Real estate has been a key driver of economic growth during the past few decades in the region.
Although it was arguably one of the worst affected sectors during the global economic slowdown in 2009, with Dubai’s property market particularly hit, the industry has since matured, and was finally on the path to bottoming out this year in anticipation of Expo 2020.
But the coronavirus pandemic is taking a toll on real estate developers and home-builders as they enter the second quarter of the year, normally a strong season for sales, ratings agency S&P said in a recent report.
“Weakening economies and longer operating cycles resulting from social distancing measures should affect both offer and demand of newly built properties in 2020,” it said.
“The real estate sector is an important part of the UAE’s activity. The current supply-demand imbalance in the sector, particularly in Dubai, has been exacerbated by the pandemic’s effects. We now expect to see international demand for property in the UAE to be subdued and the fall in residential prices to be steeper than we had expected, and lingering well into 2021,” the report added.
In Dubai, transactions were rising with volumes up 41 per cent year-on-year in February. However, volumes for March dropped roughly 25 per cent year-on-year, pointing to a “significant yet logical contraction in the market as potential domestic and overseas buyers stay at home”, says Matthew Palmer, managing director with consultancy Alvarez & Marsal in Dubai in the Strategy and Performance Improvement practice.
Dubai-based real estate platform Property Finder recorded a decrease in listing volumes and searches by consumers, states Lynnette Abad, director of Research and Data at the Property Finder Group.
“Prices, however, did not move much during the Covid-19 situation. In fact, pre-crisis, we started seeing prices stabilise across many communities in Dubai and that has remained stable during the crisis,” she adds.
Looking wider, the property sectors of the Gulf countries will see varied impact depending on the local conditions and how long the crisis lingers.
“Some countries will see deeper impact than others due to a number of socio-economic factors. It also depends on how developers regain investor trust in each country. Since Dubai is the most cosmopolitan city with the most regulated real estate market, we expect it to recover faster than others. Demand in affordable homes will also pick up faster than that of the luxury properties,” opines Josef Kleindienst, chairman of Kleindienst Group, which is developing the $5bn Heart of Europe island project in Dubai.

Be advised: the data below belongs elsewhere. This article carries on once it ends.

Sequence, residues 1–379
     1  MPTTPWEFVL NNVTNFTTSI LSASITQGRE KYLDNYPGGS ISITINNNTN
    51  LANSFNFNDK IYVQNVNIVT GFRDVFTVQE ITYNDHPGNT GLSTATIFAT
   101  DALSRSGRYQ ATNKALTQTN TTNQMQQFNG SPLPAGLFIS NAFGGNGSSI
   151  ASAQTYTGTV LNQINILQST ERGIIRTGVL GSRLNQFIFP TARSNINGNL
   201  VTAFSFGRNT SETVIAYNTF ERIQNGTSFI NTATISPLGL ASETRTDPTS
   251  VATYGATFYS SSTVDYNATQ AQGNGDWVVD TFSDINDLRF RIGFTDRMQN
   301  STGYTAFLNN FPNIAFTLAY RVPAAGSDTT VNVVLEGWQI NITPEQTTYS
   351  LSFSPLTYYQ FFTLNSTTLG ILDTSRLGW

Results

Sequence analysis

With “almost all of the units” sold out on the project, the company has not been under “too much pressure in terms of sales and cash flow,” he says.
The project – which was initially slated to begin deliveries in 2018, now aims to handover the first phase in the fourth quarter of this year.
Outside of residential real estate, Covid-19 has had a similar impact on retail which, in the short-term, may manifest as vacancies and loss of fixed and turnover rent for mall operators.
“Fortunately, many operators have been supportive towards their tenants,” says Palmer. “Regrettably, inevitable job losses combined with economic uncertainty will reduce demand for most asset classes in the near-term, with hotels in particular needing the triple stimuli of a relaxation of restrictions (at the appropriate juncture), and the return of economic confidence and consumer willingness to travel.”
RATIONALISE PIPELINE, CONSOLIDATE
Given the uncertain nature of the virus, how can developers best adapt to the current situation?
“The most important thing for any business during the crisis is to remain consolidated, limit the damage and keep moving forward. As developers, we need to be focused on delivering previously launched projects,” opines Atif Rahman, director and partner at Danube Properties.
Kleindienst also stresses the need for developers to ensure they have a sustainable business model by having limited exposure and risk.
“The key for every developer is to be able to develop the units they have sold off-plan and to sell their inventory, collect the down-payment and deliver properties on time and with the best quality.”
Palmer advises developers to adapt both externally and internally.
“Until certainty returns and given the overhang of stock in the market, developers may be well served to pause or at least rationalise their pipelines until the size and shape of demand is better understood. Regrettably, developers should also reprofile their organisations and cost bases, if they haven’t done so already,” he says.
THE MAGIC QUESTION
While experts are understandably reluctant to predict a definite answer to when the market will recover – since it is tied to the development of a Covid-19 vaccine, Palmer expects to see a cautious return towards the end of the year, potentially accelerated, if a vaccine becomes available sooner.
Kleindienst similarly anticipates that the UAE’s real estate market will start picking up by the end of the current year. Looking ahead, the industry can expect to see significant changes.
“There will be a new normal for everything, for how people search for properties, the type of properties they are looking for and how developers design their properties,” says Abad.
Adds Rahman: “Developers, investors and property buyers will be cautious. I expect less off-plan property launches in 2020 and 2021. Investors will be very careful and will only invest when prices crash further, or wait for distress sales. We will continue to see greater focus on creating affordable solutions not just for real estate but across all industries. That’s what consumers will want with every pocket being affected negatively.”